Lorbek has slowly been progressing in his game over the past two seasons to the verge of becoming one of the best young centers in all of Europe. He clearly has a future in the old continent as a European superstar, but is now looking for a team to draft him somewhere in the 2nd round and hold on to his rights before trying his luck in the NBA.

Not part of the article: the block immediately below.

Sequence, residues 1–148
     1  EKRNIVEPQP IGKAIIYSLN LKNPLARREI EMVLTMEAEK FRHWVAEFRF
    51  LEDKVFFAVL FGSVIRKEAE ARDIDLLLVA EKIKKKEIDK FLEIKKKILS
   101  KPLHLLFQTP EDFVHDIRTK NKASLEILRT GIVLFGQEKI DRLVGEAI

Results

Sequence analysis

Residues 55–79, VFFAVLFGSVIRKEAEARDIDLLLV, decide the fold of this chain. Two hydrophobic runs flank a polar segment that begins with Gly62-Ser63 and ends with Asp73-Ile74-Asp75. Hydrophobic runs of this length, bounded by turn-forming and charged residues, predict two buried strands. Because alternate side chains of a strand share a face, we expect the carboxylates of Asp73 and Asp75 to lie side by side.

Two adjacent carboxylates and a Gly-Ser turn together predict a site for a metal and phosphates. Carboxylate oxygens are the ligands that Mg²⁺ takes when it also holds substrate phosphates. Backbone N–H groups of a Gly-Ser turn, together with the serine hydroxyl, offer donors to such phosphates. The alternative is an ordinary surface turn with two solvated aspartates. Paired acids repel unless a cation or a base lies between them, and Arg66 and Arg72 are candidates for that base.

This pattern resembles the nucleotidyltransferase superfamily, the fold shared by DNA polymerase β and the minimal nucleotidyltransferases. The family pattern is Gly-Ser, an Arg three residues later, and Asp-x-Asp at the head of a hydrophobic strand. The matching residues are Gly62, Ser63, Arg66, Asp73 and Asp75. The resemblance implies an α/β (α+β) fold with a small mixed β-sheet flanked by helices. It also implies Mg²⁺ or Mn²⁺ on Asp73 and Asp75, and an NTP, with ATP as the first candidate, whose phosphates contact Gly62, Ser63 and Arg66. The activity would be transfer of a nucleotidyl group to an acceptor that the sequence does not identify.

We’re talking about a prototypical European big man here. Lorbek has outstanding size at 6-11 and a wide array of skills which make him a really interesting high post threat on one of the best teams in all of Europe. He is a terrific shooter for a guy his size, possessing excellent form, a quick release and range out to the NBA three point line. He’s a very coordinated big man who is at his best on the pick and roll, thanks to his outstanding off the ball movement. If he gets the ball in the high post and his shot is not there, he shows a nice handle for a guy his size and can put the ball and the floor and make his way to the basket. He’s not the most athletic guy in the world, but still runs the floor well and plays actively and with a lot of energy. His basketball IQ is high and this really comes to play in his ability to fit into a half court offense and especially pass the ball. He’s an unselfish player who understands the game and fit into his role extremely well this year for long stretches in the Euroleague. You can tell that he comes from a basketball family as he clearly has the instincts of a basketball player. He’s become a much tougher player since his days at Michigan State, not looking afraid to bang at all and always giving all he has down in the low post.